The merchants of this great metropolis have twice called Mr. Low, at the last election by acclamation, to preside over their Chamber of Commerce. This of itself is no small compliment, no empty honor. But it is also a striking confirmation of what, at least a dozen years ago, was declared to us by one of our oldest and most prominent merchants to have been the estimation in which he was even then held, for sound judgment and remarkable foresight, as well as for incorruptible principle, and the highest executive ability. In the grave and often delicate and difficult questions which have come before the Chamber during the recent tremendous crisis of our national, and especially our commercial affairs, all this has been especially and abundantly justified by the words and deeds of its President.

Nor is it only in his chosen path as a

merchant, that Mr. Low has won the confidence and esteem of bis fellow citizens and of the community. Like others I of our merchant princes, he is the patron j and friend of art, of good learning, of popular education, and of wise charities in the city of his residence and of our own community. The institutions of our holy religion find in him a zealous and a I consistent supporter ; and in the vast dej mand for patriotic counsel, effort, and ] bounty, which the great rebellion has made upon the nation, no man has been more faithful or more exemplary. Possessed in full of the truest manliness of deportment, and a large heartedaess of spirit which holds him above everything which is mean and small, it were not surprising that in private life he should wear the rare and indescribable charm of blended graciousness and simplicity, which is sure to win the heart.


Pan loquitur.

The red moon shone upon the summer corn,
The night-wind gently rocked to rest
The lotus-flowers at our feet,

As o'er the ebbing sea of her white breast
I paw love-ripples come and go,
And heard her young heart beat.

The wild-thyme shed abroad its perfume soft,
The violet hung its head for shame,
And blushed the gladiolus flowers,

When with sweet voice she speak my name; And then, to hide her glowing face, Shook down her hair in showers.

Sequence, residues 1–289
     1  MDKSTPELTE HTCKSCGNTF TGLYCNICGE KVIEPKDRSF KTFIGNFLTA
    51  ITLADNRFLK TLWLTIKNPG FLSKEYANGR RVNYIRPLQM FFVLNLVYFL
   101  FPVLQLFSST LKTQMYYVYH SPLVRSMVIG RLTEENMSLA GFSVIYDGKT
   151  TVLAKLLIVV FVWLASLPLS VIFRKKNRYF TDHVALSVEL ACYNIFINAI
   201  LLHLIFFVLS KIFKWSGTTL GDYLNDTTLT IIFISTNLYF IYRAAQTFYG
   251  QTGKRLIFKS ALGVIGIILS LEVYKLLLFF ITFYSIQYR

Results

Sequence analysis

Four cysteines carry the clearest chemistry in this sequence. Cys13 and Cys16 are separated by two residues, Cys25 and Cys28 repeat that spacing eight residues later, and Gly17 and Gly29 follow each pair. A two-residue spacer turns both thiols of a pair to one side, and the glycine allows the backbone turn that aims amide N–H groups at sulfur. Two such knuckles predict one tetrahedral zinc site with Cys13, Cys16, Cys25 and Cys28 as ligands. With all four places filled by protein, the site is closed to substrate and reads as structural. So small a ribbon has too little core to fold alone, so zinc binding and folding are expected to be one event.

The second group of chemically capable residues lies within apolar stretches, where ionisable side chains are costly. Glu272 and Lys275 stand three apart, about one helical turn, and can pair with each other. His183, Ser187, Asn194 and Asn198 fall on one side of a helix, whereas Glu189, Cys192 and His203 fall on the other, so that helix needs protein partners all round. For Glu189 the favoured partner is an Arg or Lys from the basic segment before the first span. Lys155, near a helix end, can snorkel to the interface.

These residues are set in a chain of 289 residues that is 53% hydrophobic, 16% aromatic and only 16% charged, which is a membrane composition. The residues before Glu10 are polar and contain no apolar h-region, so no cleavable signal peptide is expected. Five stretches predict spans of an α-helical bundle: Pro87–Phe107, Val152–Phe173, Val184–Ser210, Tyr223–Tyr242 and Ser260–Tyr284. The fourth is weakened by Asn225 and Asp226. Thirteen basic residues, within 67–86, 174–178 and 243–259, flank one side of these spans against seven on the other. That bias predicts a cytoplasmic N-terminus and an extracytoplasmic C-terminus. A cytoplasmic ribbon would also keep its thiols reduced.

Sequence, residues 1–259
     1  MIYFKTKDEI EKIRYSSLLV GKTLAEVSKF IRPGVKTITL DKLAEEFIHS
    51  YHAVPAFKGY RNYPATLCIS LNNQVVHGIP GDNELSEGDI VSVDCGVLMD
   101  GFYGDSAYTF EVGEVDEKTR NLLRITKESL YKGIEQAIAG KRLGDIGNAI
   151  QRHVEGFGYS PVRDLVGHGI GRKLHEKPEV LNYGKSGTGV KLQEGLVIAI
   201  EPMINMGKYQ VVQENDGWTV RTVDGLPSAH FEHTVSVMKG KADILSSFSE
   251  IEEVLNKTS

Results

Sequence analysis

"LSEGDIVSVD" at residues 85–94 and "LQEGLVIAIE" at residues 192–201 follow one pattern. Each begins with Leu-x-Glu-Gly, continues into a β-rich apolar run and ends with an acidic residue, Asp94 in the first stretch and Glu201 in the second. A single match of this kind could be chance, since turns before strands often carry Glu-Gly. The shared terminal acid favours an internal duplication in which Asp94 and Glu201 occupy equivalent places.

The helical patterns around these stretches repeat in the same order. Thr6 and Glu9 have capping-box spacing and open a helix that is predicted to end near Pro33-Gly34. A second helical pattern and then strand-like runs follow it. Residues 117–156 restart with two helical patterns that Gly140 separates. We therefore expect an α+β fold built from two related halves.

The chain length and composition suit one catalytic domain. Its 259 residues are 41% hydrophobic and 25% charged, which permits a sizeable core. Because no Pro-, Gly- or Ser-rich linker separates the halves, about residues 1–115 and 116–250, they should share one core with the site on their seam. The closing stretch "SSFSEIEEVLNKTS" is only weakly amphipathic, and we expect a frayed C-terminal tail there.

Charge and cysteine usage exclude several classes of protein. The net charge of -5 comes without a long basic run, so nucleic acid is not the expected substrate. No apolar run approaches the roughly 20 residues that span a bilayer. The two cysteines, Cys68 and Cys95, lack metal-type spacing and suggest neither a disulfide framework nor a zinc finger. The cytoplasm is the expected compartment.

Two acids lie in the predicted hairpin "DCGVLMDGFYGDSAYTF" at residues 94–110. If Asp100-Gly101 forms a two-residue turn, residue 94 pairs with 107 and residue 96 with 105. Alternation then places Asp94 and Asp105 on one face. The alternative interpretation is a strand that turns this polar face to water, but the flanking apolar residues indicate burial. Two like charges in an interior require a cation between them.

The amber veil could not her beauty hide;

Her eyes shone through the golden mist
As sunlight through the summer rain;

And her red dewey lips, like coral kissed
By clear and proudly crested waves,
Breath'd forth my name again.

But now no more I see my Echo's face;

For her I search each wooded glade

And grove of olives far and near; Yet when the rich dew Kills upon the blade,

Beneath the onk-trecs with ivy tressed

A low sad voice I hear.

Then with linsh'd breath I breathe a tender wail
Of music from the mellow reeds,
The lisi'ning Naiads weeping by;
And through the waving web ot Ladun's weeds
There comes a response faintly sweet—
My darling Echo's sigh.

j. u. — Temple Bar.


Thkough the blue of the glistening summer sky

Cometh noi>ily down the shower; Pattering 'mid the clustering blooms

Of the hawthorn bushes in flower.

Under the shade of those hawthorns sweet,

Jeanie, rosy-blushing and shy, Standeth near "some one"smilingly,

Yet a tear in her soft brown eye:

Timidly casting a half-glance up
At the stalwart youth by her side,—

Ah! 'tis easy to guess what tears may mean
When shed by a three-weeks' bride.

The bright June sunshine revoleth warm

'Mid the soft green swelling ears
Of the growing wheat; and the joy of earth

Fiudeth vent in a burst of tears.


Is it not so with tfiee, Jeanie?

Doth not in the blue above
Thy sun sliine out through the happy drops

That fall in thy summer of love?"

Summer hath come, and the spring must yield

1 o a rival's midsummer reign; But summer shall abdicate in turn

When autumn is crowu'd again.

Winter, with all his myrmidons white,

Closoth the van-ing scene;
When the sonl turneth back with fond regret

The page of that which '' hath been."

Thou hast a srrong arm to uphold thee now,
loung wife, all blushing and shy;

And a loyal breast n|xm which to rest
Should ever a storm draw nigh.

Thy spring was fair—may thy summer be

W ith not many clouds o'crcast; Thine autumn hours bear fruit from the flowers,

And thy winter bring peace at last!

Abtley H. Baldwin.

St. James's Magazine.


He came to-day. He brought his bride;
And through the wood they went with me:
We past our ancient trysting tree;
I saw him turn his head aside.

And wondered if his glance would fall
On letters carved by him of yore,
In days that he regrets no more—
That I with burning thoughts recall.

The golded Past, that haunts me yet,